I looked at my maps on the train and reckoned I would find where I was going easily enough without help of GPS or a compass or even the position of the sun (obscured as it was behind the clouds that rolled in as the train rolled north to Worcester). This is the sort of running I tend to do: fearless of getting lost or, more to the point, so prepared to get lost and find something new or unexpected that getting lost has become the norm, a welcome companion as the countryside and towns are explored.
So it was that I found the Alma which I knew from planning this trip last week was out of the planned way. However, I had already used my willpower running past a seemingly endless linear array of fine looking boozers and the stop to refer to the map forced my capitulation.
Several pumps called me as I reached the bar but I’ve been on a jag for porters, stouts, and milds lately and the Banks’ (apostrophe catastrophe notwithstanding) Mild got the call. The half dozen old guys (that had gone silent at the American accent emanating from this sweaty bloke) at the bar seemed to approve and went back to their conversation about jackasses that spend too much on fine wines. I wandered about for a minute or two admiring the Christmas décor and the pub carpet pattern similar to our dining room, then settled in with the ancients…the other, even more ancient ancients if I am being perfectly honest.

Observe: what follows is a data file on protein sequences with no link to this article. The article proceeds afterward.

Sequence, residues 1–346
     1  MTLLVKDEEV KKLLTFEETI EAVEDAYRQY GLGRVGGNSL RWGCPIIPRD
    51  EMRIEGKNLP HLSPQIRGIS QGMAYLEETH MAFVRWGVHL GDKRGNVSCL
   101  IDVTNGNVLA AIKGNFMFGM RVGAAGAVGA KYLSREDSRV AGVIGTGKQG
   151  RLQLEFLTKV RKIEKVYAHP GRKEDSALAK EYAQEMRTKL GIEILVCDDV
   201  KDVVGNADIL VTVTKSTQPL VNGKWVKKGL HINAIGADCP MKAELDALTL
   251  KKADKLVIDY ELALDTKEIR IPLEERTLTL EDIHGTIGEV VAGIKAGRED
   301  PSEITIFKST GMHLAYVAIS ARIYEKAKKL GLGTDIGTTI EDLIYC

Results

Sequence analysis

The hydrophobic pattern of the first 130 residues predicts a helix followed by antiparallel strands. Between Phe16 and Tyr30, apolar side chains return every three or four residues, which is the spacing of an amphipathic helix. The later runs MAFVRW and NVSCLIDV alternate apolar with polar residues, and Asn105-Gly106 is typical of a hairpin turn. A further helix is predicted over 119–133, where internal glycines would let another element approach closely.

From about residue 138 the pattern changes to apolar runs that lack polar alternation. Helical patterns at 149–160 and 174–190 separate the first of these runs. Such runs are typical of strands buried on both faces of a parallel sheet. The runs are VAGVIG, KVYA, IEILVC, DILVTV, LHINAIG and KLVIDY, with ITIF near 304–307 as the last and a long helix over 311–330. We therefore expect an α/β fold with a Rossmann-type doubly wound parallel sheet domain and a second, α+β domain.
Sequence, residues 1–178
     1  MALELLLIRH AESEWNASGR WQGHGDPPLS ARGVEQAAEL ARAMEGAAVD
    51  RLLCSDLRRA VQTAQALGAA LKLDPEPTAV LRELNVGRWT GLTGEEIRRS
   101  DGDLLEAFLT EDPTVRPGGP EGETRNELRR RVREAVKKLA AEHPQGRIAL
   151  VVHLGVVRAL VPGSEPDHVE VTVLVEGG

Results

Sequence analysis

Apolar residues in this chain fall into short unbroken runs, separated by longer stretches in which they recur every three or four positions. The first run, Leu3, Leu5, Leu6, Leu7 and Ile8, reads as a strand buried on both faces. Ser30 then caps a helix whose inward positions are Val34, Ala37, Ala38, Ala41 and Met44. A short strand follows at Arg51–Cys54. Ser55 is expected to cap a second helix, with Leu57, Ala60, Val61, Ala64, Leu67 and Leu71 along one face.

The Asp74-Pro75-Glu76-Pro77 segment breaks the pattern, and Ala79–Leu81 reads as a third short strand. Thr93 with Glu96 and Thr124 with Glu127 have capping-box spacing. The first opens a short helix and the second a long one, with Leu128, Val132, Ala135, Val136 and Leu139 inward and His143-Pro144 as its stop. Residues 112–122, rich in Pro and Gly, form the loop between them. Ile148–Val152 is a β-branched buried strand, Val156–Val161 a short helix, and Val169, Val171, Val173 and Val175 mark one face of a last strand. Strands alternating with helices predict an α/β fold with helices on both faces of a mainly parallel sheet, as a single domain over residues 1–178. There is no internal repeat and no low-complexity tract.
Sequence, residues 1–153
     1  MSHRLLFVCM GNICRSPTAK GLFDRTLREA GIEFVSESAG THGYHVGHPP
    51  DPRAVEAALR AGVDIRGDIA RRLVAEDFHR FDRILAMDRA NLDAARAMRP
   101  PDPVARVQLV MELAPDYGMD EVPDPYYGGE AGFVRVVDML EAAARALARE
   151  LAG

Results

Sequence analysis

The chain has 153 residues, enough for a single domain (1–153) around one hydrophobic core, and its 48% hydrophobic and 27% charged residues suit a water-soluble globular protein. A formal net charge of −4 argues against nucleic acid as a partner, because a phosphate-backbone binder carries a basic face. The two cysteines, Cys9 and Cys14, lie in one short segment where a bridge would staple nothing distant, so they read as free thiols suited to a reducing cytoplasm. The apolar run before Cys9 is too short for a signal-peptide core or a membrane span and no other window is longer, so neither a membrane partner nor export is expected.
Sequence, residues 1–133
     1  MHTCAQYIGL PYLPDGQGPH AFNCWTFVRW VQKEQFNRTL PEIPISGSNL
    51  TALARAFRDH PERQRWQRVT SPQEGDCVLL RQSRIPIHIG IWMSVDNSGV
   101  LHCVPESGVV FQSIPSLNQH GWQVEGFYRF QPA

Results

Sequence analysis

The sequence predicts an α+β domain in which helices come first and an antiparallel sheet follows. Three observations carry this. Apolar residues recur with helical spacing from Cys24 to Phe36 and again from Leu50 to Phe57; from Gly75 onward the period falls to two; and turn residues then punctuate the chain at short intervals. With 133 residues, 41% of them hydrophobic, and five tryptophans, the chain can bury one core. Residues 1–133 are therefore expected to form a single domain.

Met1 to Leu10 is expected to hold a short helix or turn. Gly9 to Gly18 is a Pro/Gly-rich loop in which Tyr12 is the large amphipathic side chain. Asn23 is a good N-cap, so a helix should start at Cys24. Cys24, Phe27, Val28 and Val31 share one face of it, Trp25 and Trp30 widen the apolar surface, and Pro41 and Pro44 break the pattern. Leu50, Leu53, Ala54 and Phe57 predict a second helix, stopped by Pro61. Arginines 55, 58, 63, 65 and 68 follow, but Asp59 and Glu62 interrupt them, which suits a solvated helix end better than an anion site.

An almost endless stream of dudes with their young sons (in football kit) came through for pints and then disappeared off to my right (I was in the front window facing the bar). Perhaps to the garden, perhaps another room. Everyone there was on friendly terms and even I felt at home before my glass was half done. Everyone wished me well on the day without ever asking once about what the day entailed. Spectacular.